13th January 2007
The Mayor of one of the nation's oldest boroughs has scrapped a Christian ceremony which began its meetings for more than 600 years.
Mayor Pruw Boswell, 64, decided that the prayers which have traditionally opened Totnes Town Council's meetings should be replaced with a 'quiet moment of reflection'. She said this would enable the council to be 'sensitive to others' needs' and that the prayers 'may offend other religions.'
Local clergymen had led the prayers which asked for God's help in making correct decisions since the 13th century. Meetings closed with the Lord's Prayer.
But officials are reported to have claimed the Christian ceremonies could offend councillors who follow other faiths or are atheists. None is understood to have complained about the prayers, said at the bi-monthly full council meetings. The best the Mayor could come up with was that 'members of the town council in the past were Buddhists.'
A daily newspaper found out that Mrs Boswell did not even know if there were actually any non-believers currently on the Council to be offended. The alleged Buddhists also dwindled to a solitary individual: 'We did have a Buddhist member a few years ago,' said Mrs Boswell, 'We probably have had members who were non-believers but I would not know who.'
However, the Reverend Gordon Davies, of
, said: 'I know many non-believers who found the prayers of great comfort because they are for the good of others. If people felt it was offensive they didn't have to join in.'
The decision to ban prayers took councillors completely by surprise. After prayers earlier this month, Mrs Boswell bluntly announced it would be the last time they would be said. She claimed it was part of 'a council streamlining package,' describing the abolition of 600 years of history as 'an historic moment'.
The same paper discovered that Mrs Boswell claims to be a Christian herself. She described the furore as 'A mountain being made out of a molehill. ... If people want to say prayers on their own they can - we have just taken away the person who leads them.'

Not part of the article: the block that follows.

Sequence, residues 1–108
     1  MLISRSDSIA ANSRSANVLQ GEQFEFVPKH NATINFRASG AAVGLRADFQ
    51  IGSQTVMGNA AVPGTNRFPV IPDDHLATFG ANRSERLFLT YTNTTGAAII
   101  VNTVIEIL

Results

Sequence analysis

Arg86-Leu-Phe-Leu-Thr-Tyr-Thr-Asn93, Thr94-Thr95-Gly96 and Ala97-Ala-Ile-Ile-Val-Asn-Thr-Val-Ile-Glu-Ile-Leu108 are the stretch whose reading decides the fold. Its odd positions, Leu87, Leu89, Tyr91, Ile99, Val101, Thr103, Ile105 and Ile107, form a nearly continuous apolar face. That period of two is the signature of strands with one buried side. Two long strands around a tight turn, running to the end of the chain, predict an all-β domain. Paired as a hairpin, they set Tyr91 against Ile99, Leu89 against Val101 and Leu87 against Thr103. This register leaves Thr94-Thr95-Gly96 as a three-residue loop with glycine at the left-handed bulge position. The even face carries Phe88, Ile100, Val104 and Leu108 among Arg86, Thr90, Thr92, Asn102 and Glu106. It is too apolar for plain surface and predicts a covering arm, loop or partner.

Criticism came from within the Council: Town, district and county councillor Geoff Date said he was 'astounded' that the prayers had been axed.
'It is probably one of the longest traditions the council can lay claim to - and one of the most important things we do,' he said.
Plainly, a decision like this causes tensions where there were none before. The Mayor should retract this decision immediately and reinstate the prayers. Those in authority need to recognise that this country was founded on Christian ideals which inform our laws and culture. If we ignore our history and our heritage we will have no future.
There are echoes here of Chris (Lord) Smith's comment in the House of Lords during the debate on the Sexual Orientation Regulations. Secularists are happy just so long as Christianity is something we do quietly and privately indoors without frightening the governing classes. But it is exactly the public proclamation of Christianity, and the demand of the Lord Jesus Christ to be recognised as King of kings, Lord of lords and dare we add, Mayor of mayors, which is at stake.
Stephen Green, National Director, Christian Voice
READ: Gen 14:19,22; Deut 10:12; 1Sam 2:30; 2Sam 23:3; Psalm 24:1, 144:12-15; Prov 9:10; Eccl 5:8; Isa 42:1; Dan 2:47; Micah 6:8; Matt 6:33; 11:27, 28:18; Luke 12:8-9, 19:12; John 5:22-27; Rom 11:36; Eph 1:10; Phil 2:10; 1Tim 2:5, 6:15; James 4:12; 1Pet 3:22; Rev 19:16.